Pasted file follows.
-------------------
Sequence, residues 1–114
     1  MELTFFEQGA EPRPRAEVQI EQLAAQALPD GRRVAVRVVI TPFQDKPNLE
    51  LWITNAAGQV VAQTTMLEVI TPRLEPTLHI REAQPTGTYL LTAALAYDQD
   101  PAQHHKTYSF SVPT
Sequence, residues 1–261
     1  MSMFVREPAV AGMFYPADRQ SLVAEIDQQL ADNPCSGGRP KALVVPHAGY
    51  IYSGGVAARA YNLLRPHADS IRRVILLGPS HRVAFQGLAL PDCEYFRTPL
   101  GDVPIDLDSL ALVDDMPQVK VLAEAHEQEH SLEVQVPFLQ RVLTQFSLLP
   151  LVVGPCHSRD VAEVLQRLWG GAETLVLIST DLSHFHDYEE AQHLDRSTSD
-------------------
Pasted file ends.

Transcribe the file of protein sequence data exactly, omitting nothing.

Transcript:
Sequence, residues 1–114
     1  MELTFFEQGA EPRPRAEVQI EQLAAQALPD GRRVAVRVVI TPFQDKPNLE
    51  LWITNAAGQV VAQTTMLEVI TPRLEPTLHI REAQPTGTYL LTAALAYDQD
   101  PAQHHKTYSF SVPT
Sequence, residues 1–261
     1  MSMFVREPAV AGMFYPADRQ SLVAEIDQQL ADNPCSGGRP KALVVPHAGY
    51  IYSGGVAARA YNLLRPHADS IRRVILLGPS HRVAFQGLAL PDCEYFRTPL
   101  GDVPIDLDSL ALVDDMPQVK VLAEAHEQEH SLEVQVPFLQ RVLTQFSLLP
   151  LVVGPCHSRD VAEVLQRLWG GAETLVLIST DLSHFHDYEE AQHLDRSTSD